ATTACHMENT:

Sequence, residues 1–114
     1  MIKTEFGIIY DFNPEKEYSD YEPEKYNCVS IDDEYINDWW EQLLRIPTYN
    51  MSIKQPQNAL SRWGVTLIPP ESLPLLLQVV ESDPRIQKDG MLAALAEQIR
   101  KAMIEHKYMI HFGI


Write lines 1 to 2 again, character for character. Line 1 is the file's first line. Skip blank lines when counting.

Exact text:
Sequence, residues 1–114
     1  MIKTEFGIIY DFNPEKEYSD YEPEKYNCVS IDDEYINDWW EQLLRIPTYN